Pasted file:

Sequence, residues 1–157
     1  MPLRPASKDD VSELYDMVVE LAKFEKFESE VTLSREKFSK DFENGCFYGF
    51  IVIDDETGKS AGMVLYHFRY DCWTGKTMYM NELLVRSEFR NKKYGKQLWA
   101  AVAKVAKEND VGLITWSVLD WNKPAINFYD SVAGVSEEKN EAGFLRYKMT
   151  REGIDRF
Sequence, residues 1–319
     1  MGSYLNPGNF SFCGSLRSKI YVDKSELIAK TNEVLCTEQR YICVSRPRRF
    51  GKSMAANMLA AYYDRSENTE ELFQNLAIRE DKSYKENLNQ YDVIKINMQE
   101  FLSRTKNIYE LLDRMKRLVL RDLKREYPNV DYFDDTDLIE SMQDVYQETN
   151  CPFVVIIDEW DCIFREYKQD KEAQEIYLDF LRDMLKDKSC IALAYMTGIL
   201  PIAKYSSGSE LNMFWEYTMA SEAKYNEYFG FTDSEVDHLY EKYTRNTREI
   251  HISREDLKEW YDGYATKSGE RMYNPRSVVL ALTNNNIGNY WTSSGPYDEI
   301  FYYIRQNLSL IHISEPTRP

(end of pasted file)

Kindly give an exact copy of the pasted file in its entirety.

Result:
Sequence, residues 1–157
     1  MPLRPASKDD VSELYDMVVE LAKFEKFESE VTLSREKFSK DFENGCFYGF
    51  IVIDDETGKS AGMVLYHFRY DCWTGKTMYM NELLVRSEFR NKKYGKQLWA
   101  AVAKVAKEND VGLITWSVLD WNKPAINFYD SVAGVSEEKN EAGFLRYKMT
   151  REGIDRF
Sequence, residues 1–319
     1  MGSYLNPGNF SFCGSLRSKI YVDKSELIAK TNEVLCTEQR YICVSRPRRF
    51  GKSMAANMLA AYYDRSENTE ELFQNLAIRE DKSYKENLNQ YDVIKINMQE
   101  FLSRTKNIYE LLDRMKRLVL RDLKREYPNV DYFDDTDLIE SMQDVYQETN
   151  CPFVVIIDEW DCIFREYKQD KEAQEIYLDF LRDMLKDKSC IALAYMTGIL
   201  PIAKYSSGSE LNMFWEYTMA SEAKYNEYFG FTDSEVDHLY EKYTRNTREI
   251  HISREDLKEW YDGYATKSGE RMYNPRSVVL ALTNNNIGNY WTSSGPYDEI
   301  FYYIRQNLSL IHISEPTRP